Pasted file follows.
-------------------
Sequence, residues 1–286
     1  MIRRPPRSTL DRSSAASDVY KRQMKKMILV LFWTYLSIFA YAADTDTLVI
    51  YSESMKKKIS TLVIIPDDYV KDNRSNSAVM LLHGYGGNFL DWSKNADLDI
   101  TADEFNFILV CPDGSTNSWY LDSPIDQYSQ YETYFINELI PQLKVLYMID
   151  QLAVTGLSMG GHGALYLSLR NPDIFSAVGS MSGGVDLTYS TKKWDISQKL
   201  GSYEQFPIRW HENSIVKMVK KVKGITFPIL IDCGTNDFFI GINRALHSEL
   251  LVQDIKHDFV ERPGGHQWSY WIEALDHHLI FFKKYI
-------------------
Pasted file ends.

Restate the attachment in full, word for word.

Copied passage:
Sequence, residues 1–286
     1  MIRRPPRSTL DRSSAASDVY KRQMKKMILV LFWTYLSIFA YAADTDTLVI
    51  YSESMKKKIS TLVIIPDDYV KDNRSNSAVM LLHGYGGNFL DWSKNADLDI
   101  TADEFNFILV CPDGSTNSWY LDSPIDQYSQ YETYFINELI PQLKVLYMID
   151  QLAVTGLSMG GHGALYLSLR NPDIFSAVGS MSGGVDLTYS TKKWDISQKL
   201  GSYEQFPIRW HENSIVKMVK KVKGITFPIL IDCGTNDFFI GINRALHSEL
   251  LVQDIKHDFV ERPGGHQWSY WIEALDHHLI FFKKYI